The Strengthening Career and Technical Education for the 21st Century Act (Perkins V) requires state leaders to select a new accountability indicator to measure the quality of secondary Career Technical Education (CTE) programs. This option is a new feature of Perkins V and gives states the opportunity to align their accountability systems with state priorities and needs. The three options Perkins V allows for the indicator are:
1) The percentage of CTE concentrators graduating from high school having attained a recognized postsecondary credential;
2) The percentage of CTE concentrators graduating from high school having attained postsecondary credits in the relevant CTE program or program of study earned through a dual or concurrent enrollment program or another credit transfer agreement; and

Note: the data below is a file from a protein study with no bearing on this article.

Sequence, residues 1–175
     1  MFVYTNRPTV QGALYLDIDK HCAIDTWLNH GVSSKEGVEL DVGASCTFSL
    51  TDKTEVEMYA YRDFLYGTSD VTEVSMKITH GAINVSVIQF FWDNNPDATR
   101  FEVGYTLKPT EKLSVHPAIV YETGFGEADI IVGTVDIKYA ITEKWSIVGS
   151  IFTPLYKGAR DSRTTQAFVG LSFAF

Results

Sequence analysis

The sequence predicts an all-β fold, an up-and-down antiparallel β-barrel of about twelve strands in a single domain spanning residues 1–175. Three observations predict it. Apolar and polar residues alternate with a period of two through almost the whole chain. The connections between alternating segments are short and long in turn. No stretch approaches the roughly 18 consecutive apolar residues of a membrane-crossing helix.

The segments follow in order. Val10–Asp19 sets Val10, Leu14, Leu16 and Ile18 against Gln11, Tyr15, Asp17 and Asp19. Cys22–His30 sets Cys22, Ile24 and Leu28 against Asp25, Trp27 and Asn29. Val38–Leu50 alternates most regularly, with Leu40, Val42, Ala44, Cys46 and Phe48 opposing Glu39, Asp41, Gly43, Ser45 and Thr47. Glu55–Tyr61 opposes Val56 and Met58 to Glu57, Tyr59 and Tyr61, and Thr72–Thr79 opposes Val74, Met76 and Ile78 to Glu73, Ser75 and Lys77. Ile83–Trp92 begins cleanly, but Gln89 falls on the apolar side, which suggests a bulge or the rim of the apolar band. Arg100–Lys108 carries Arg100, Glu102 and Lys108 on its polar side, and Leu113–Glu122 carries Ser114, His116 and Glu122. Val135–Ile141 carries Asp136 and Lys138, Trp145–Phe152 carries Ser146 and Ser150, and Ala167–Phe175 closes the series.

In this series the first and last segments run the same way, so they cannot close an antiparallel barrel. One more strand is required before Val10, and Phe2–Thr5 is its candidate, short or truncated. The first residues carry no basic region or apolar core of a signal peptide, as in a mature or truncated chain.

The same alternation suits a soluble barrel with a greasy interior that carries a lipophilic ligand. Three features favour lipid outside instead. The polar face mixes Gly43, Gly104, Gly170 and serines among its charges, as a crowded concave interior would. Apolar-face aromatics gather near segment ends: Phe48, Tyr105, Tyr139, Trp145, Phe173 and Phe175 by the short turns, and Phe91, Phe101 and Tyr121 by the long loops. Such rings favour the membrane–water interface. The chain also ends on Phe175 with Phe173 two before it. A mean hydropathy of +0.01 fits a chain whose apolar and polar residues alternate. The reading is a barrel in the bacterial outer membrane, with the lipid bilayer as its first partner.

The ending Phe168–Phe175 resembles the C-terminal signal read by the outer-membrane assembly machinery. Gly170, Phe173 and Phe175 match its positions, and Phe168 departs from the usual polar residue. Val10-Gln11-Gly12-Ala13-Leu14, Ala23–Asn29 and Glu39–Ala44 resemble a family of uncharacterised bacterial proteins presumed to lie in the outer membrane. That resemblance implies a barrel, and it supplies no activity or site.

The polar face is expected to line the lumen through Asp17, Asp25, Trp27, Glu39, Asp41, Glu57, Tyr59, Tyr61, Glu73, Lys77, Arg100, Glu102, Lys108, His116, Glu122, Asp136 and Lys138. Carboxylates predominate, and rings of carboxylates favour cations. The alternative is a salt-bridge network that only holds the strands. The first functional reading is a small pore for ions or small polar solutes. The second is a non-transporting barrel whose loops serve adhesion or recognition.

3) The percentage of CTE concentrators graduating from high school having participated in work-based learning.
States can also include additional, separate measures of student success in CTE that are "statewide, valid and reliable, and comparable across the state" in addition to one of the three options listed previously.
This brief — the first in a four-part series — draws on data from a 2018 national survey of State CTE Directors to help states select and adopt robust methods for measuring secondary CTE program quality. It explores the pros and cons of each of the three options and examines different ways states are measuring and validating them.